The UK government’s next chief information officer will be Andy Nelson, CIO of the Ministry of Justice, it was announced today.
Nelson will take over the role when incumbent Joe Harley retires in March. He will continue his position at the MoJ.
"It is fantastic to be able to assign the role of government CIO to someone who has held major CIO roles in private sector and has been involved in the ICT strategy since the very beginning," said Ian Watmore, chief operating officer of the Cabinet Office’s Efficiency and Reform Group. "Andy has worked closely with Joe over the past months and will continue to do so – ensuring that we continue to deliver ICT services fit for a modern civil service."
Nelson started his career at management consultancy Accenture, and has since held IT management roles at Asda and Royal Sun Alliance.
The Ministry of Justice is currently undergoing an IT sourcing overhaul. The Future ICT Sourcing strategy aims to "change the way ICT services are delivered from the current end-to-end contracts by line of business to an MoJ-wide ‘service tower’ model", according to a tender notice issued in October last year. This means sourcing broad IT services, such as application development or desktop provision, for the whole organisation from a single supplier.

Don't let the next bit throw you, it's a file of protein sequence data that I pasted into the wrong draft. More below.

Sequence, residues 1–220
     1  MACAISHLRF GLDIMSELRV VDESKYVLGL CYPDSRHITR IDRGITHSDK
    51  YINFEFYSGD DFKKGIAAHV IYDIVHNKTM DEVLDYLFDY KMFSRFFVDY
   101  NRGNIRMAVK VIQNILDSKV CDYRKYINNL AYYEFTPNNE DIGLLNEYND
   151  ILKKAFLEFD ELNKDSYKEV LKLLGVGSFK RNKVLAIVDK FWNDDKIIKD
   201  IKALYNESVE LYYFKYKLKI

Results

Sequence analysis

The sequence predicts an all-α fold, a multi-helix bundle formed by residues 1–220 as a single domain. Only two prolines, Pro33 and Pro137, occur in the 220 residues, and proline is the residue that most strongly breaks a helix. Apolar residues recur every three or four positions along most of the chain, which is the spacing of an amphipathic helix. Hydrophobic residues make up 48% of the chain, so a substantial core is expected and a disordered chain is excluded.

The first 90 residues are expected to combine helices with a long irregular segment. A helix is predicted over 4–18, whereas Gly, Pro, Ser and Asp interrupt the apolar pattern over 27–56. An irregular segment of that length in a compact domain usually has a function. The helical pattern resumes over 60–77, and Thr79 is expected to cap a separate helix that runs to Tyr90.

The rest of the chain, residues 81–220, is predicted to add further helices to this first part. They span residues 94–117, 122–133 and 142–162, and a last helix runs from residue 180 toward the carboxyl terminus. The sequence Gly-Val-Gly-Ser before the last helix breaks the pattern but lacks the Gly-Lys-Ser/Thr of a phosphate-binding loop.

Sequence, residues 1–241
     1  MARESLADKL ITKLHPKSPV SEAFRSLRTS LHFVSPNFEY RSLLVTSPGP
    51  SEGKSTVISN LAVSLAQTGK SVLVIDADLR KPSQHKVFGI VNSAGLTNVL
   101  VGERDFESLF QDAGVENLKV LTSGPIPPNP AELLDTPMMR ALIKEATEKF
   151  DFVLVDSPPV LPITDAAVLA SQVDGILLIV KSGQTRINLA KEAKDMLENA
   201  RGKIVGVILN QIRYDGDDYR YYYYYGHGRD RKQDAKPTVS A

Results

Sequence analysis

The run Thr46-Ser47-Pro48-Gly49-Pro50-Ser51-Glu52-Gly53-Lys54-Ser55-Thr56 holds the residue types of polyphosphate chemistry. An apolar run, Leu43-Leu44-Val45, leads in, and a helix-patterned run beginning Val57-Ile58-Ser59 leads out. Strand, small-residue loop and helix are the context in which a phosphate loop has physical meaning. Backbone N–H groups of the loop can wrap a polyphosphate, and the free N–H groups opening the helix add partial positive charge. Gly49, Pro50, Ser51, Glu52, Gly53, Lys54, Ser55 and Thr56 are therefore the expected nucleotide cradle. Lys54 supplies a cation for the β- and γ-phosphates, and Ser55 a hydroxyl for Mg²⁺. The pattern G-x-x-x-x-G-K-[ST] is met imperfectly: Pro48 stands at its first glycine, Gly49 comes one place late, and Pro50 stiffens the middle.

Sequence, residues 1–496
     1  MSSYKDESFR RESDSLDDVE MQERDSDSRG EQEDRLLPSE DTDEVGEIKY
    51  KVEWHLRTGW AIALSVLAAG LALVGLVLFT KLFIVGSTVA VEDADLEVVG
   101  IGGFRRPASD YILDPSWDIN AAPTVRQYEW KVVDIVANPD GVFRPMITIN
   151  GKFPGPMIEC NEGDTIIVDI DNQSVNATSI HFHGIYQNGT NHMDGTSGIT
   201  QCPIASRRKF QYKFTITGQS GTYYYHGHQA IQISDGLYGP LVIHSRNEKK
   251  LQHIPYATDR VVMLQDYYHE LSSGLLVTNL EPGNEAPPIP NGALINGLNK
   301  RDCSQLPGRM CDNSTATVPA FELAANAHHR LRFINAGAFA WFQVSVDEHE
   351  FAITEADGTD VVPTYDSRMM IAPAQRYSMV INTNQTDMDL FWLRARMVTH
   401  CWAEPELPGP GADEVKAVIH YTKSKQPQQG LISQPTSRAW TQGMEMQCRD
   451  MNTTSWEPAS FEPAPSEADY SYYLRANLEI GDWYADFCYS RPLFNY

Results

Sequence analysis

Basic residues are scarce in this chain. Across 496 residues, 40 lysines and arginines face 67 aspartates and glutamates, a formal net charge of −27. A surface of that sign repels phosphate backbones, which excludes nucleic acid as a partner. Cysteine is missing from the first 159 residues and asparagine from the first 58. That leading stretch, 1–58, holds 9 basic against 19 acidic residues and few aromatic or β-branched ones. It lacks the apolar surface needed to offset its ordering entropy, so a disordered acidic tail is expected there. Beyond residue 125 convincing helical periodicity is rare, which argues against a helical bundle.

Stephen Roberts, research director at public sector IT consultancy Kable, told Information Age at the time that "MoJ is the lead within the Cabinet Office ICT strategy on cloud and infrastructure in general so what’s done by MoJ in the course of consolidation is going to be viewed very closely by the rest of Whitehall."
Nelson’s appointment could therefore lead to more ‘service tower’ IT outsourcing deals in government.
Both Joe Harley and his deputy CIO Bill McCluggage announced their departures shortly after the action plan for the government’s IT strategy was published. "There seems to be a trend with government IT executives who spend a fair amount of their time pushing for change, and then leave somebody else in charge of that change," Gartner’s public sector IT analyst Andrea DiMaio remarked at the time.
Andy Nelson was among seven government CIOs revealed to earn more than the prime minister last year.